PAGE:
Originally published in Music In Action Magazine.
I didn’t grow up in a musical household. There was a radio in our house — a sound system actually — but using it involved configuring several components, so it was rarely on. Generally, if we were home from Sunday School early enough to catch The Royal Canadian Air Farce, dad would set it up. If I remember correctly, he was the only one who knew how.
The extent of my exposure to music was made up of whatever was playing on the car radio when my parents drove around town (which was generally drowned out by my mother’s attempts to control my incessant bickering with my brother), and my dad’s Morning Show as broadcast through the bathroom door. In theory, the songs he was singing were legitimate. I remember hearing ‘Black Betty’ by Ram Jam for the first time at some point in my early teens and marvelling that my dad had in fact been reciting legitimate lyrics all those years, and not just succumbing to the early stages of senility. I then had to re-evaluate the merits of his melodic Ode to Carrots and a country-esque ditty that compared my mother to an over-aged horse.
I also had some access blocked. MuchMusic became off limits when I flicked to it during a commercial break just in time to see the back of a naked girl perching herself merrily atop Marky Mark. Apparently my mom thought I was “too young for that sort of thing”, so from then on I had to be sneaky. I never was particularly good at being sneaky, so the effort was soon abandoned.
Since I’d never really been exposed much to music, I never felt as though I was missing anything until someone pointed out that there was something there to miss. This didn’t happen until just before my fourteenth birthday, when one of the boys in my class asked me to settle an argument by giving my opinion of The Spice Girls. I’d never heard of them, but I agreed with him anyway because I didn’t want him to think I was stupid (or, more importantly at the time, ‘uncool’).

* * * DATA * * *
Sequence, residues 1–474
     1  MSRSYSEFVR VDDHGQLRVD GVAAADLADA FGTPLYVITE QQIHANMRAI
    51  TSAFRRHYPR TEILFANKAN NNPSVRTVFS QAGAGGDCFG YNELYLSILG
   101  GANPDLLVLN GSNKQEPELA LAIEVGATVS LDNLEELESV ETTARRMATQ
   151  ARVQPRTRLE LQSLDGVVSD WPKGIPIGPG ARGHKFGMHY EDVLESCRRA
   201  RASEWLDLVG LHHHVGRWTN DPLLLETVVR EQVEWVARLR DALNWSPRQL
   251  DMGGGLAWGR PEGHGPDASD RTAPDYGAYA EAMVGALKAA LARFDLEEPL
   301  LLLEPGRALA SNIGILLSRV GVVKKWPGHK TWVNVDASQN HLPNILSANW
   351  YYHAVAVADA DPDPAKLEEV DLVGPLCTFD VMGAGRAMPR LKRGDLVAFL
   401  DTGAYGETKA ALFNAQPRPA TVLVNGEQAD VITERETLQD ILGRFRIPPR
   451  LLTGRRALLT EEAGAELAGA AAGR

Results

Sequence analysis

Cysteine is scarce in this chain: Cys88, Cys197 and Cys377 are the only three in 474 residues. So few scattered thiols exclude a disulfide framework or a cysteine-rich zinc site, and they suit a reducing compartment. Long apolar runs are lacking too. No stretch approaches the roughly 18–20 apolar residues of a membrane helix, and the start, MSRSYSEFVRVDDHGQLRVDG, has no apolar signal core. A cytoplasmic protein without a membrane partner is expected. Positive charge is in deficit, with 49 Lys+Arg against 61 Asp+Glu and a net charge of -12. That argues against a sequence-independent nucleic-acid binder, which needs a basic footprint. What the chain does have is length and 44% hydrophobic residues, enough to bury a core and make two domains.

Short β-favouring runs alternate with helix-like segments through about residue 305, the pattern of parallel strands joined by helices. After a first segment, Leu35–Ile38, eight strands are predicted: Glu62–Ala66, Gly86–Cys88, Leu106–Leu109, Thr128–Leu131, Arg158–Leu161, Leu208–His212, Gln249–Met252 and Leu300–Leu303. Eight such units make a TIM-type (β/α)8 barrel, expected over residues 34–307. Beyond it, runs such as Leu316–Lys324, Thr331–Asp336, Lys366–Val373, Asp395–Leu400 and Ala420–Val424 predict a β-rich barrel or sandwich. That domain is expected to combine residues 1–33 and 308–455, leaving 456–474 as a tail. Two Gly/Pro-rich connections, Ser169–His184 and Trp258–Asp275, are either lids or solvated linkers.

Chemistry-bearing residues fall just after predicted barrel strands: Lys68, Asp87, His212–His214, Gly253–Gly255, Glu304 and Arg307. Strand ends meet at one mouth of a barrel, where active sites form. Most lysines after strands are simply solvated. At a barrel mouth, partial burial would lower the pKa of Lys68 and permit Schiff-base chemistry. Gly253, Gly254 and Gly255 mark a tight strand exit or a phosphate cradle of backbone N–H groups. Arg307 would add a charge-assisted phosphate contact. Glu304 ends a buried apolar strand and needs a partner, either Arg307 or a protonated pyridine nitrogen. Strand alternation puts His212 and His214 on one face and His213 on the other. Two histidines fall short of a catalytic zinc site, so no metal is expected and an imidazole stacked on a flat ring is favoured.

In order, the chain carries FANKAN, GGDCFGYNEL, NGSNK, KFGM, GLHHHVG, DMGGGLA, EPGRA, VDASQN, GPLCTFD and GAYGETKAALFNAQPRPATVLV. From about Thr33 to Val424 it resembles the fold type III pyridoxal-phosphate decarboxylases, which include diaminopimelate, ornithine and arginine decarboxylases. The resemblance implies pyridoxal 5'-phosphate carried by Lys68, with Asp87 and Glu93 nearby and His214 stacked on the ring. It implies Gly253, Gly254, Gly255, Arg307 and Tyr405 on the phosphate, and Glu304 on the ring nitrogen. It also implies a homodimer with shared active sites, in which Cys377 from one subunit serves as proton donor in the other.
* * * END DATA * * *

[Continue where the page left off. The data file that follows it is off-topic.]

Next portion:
Since the boys in my class didn’t seem overly fond of pop music, I, being the tremendous spazz I have always been, opted to despise it. All of it. Every polished boy band, manicured pop tart, and falling eighties star fell victim to my increasingly witty (or so I thought, anyway) invective. This continued in high school, where I managed to befriend a group of music-minded kids who inadvertently served to intensify my belief that not only was music the way to ‘cool’, it had a specific route that had to be followed: ‘pop’ was just a decoy; ‘indie’, ‘rock’, and ‘alternative’ lined the true path. I clung to Alanis Morrissette as gospel, memorized every Bush lyric I could discern, and worshipped Our Lady Peace as a beacon of hope across an increasingly bleak musical horizon (plus I had a wicked she-bone for Raine Maida that may or may not have intensified my fandom).
I mastered DoubleThink. Not only did I convince myself that I liked these styles and despised all others, I also managed to forget that this outlook was crafted and self-imposed. To this day I still don’t know what my opinion of pop would have been if I hadn’t trained myself so perfectly to look upon it with only the highest quality elitist disdain.
Now, years later, I’m still primarily a rock girl. I stand by many of my adolescent opinions of boy bands and pop tarts, but am now more willing to admit that scattered singles may have had musical merit. And I still hold up Clumsy as a spectacular album, though I’ve long since shaken off the hormone-driven assertion that Raine Maida “like, totally knew me” (of course, it helps my waning interest that he’s also become a dirty hippy, but that’s largely beside the point).
So what is the point? Only this: there should be no such thing as a guilty pleasure. If you enjoy it, don’t hang your head in shame because of someone else’s idea of what is or isn’t appropriate to listen to. Sometimes fluff is okay. And besides, the artists you now disdain may go on to have respectable careers, leaving you, ten years later, muddling through an explanation of why you’ve changed your mind about Justin Timberlake, and adamantly denying that it has anything to do with the lickability of his abs.by